(a) Myopia
(b) Cataract
(c) Hypermetropia
(d) Presbyopia
(a) Myopia

Question 8.
A concave lens with correct power can help a person with
(a) Hypermetropia
(b) Myopia
(c) Presbyopia
(d) None of these
(b) Myopia

Question 9.
Adjusting “cording to object’s distance from eye is called
(a) Vision power
(b) Motivation
(c) Accommodation power
(d) Presbyopia
(c) Accommodation power

Question 10.
For an eye donation, eyes must be removed within ……… after death.
(a) 8 hours
(b) 25 hours
(c) 4-6 hours
(d) None.
(c) 4-6 hours

Question 11.
What type of lens are required to correct a vision of hypermetropic eyes?
(a) Concave
(b) Convex
(c) both
(d) Plane mirror is required ;
(b) Convex

Question 12.
When we pass a light through a prism, it is
(a) Refracted
(b) Scattered
(c) Reflected
(d) Inverted
(a) Refracted

Question 13.
Which colour lies in centre of a rainbow?
(a) Red
(b) Violet
(c) Yellow
(d) Green
(d) Green

Question 14.
If two prism are placed inverted to each other and white light is passed from one prism, what will we get refracted by other prism?
(a) VIBGYO
(b) white light
(c) All light will be absorbed
(d) Black spot
(b) white light

Question 15.
We see twinkling of stars due to:
(a) Reflection of light.
(b) Refraction of light
(c) Scattering of light
(d) Polarization of light
(b) Refraction of light

Question 16.
Particle looks moving in smoke filled place, when a light beam coming from a whole passes through it, because:
(a) Tyndall effect
(b) atmospheric refraction
(c) White light spectrum
(d) reflection
(a) Tyndall effect

MP Board Class 10th Science Chapter 11 Very Short Answer Type Questions

Question 1.
Where image is formed in our eyes?
Retina.

Question 2.
Which part of eye helps in adjustment of lens according to distance?
Lens.

Question 3.
Which nerve transfer information regarding image to brain?
Optic nerve.

Question 4.
What is power of accommodation?
The ability of the eye to focus both near and distant objects, by adjusting its focal length is called power of accommodation of eyes.

Question 5.
How many points of accommodation are set to observe clarity of a person’s vision?
Two-far point and near point.

Question 6.
What is the maximum distance till which a person with normal eye can see?
No limit, infinite distance.

Question 7.
Name common refractive defects of eyes.
Myopia, Hypermetropia and Presbyopia.

Question 8.
What kind of lens is used to correct a myopic defect in a person?
Concave.

Question 9.
What kind of treatment is available to correct a cataract?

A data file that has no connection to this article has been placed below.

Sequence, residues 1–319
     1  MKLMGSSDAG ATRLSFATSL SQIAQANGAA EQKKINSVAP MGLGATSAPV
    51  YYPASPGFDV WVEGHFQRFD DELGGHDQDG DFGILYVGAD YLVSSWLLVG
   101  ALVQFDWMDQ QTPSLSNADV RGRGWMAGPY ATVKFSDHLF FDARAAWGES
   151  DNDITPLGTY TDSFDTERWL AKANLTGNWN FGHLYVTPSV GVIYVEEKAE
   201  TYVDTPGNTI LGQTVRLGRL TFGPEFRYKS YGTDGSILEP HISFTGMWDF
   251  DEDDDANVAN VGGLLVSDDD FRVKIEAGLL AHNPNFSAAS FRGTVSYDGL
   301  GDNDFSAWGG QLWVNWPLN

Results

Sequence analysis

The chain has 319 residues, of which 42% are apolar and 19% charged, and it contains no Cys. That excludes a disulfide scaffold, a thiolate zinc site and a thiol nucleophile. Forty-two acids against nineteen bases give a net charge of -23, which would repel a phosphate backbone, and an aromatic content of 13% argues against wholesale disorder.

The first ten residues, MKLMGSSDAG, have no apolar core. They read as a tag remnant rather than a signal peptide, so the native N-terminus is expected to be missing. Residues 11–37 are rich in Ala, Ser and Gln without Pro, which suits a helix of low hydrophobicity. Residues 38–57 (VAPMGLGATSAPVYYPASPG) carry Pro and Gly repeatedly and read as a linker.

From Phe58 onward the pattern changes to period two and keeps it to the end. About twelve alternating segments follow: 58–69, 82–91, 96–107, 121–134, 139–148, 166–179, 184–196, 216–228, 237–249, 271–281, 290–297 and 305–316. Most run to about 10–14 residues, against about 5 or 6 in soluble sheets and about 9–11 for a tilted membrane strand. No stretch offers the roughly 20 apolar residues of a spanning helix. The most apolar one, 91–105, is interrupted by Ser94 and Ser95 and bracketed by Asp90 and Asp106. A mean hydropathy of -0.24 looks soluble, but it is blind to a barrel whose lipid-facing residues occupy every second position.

Surgery.

Question 10.
What is bifocal lens?
Lens made by both concave and convex lens is called bifocal lens.

Question 11.
What happens to the light ray entering a prism?
The light ray get refracted.

Question 12.
What happens if white light is passed through a prism?
It Scatters to seven colours spectral pattern.

Question 13.
What is an emergent ray?
Ray which comes out after being refracted from a prism is called emergent ray.

Question 14.
Why sky looks red at sunrise and sunset?
Scattering of white light.

Question 15.
Which colour light bend most after coming out of a triangular prism?
Violet.

Question 16.
Why we never see a shadow without light?
When light passes through an object, it get partially deviated or absorbed so, disappear from that very way which forms a shadow.

Question 17.
Why light ray in a dusty room look sparkling and moving?
Due to tyndall effect.

Question 18.
Why we can observe a star twinkling?
Due to atmospheric refraction.

Question 19.
What is the time difference between actual and observed sunrise and sunset?
2 minutes.

Question 20.
Why sky looks blue to all of us?
Due to scattering of light.

MP Board Class 10th Science Chapter 11 Short Answer Type Questions

Question 1.
Why does the Sun appear reddish early in the morning?
Early in the morning, the sun is near the horzion. Sunlight reaches us after covering a large thickness of the atmosphere. So, shorter waves of blue region are almost completely scattered away by the air molecules. Red waves of longer wavelength are least scattered and reach our eyes. The sun appears red.

Question 2.
Why does the sky appear dark instead of blue to an astronaut?
The atmosphere is quite thin at very high altitudes. There is almost no scattering of sunlight. So, the sky appears dark to an astronaut.

Question 3.
Why is a concave lens used to correct myopia or short-sightedness?
A concave lens of suitable focal length diverges the parallel rays from the distant object as if they are coming from the far point F of the myopic eye. This helps the eye lens to form a clear image at the retina.

Question 4.
Dispersion is caused by refraction not by reflection. Why?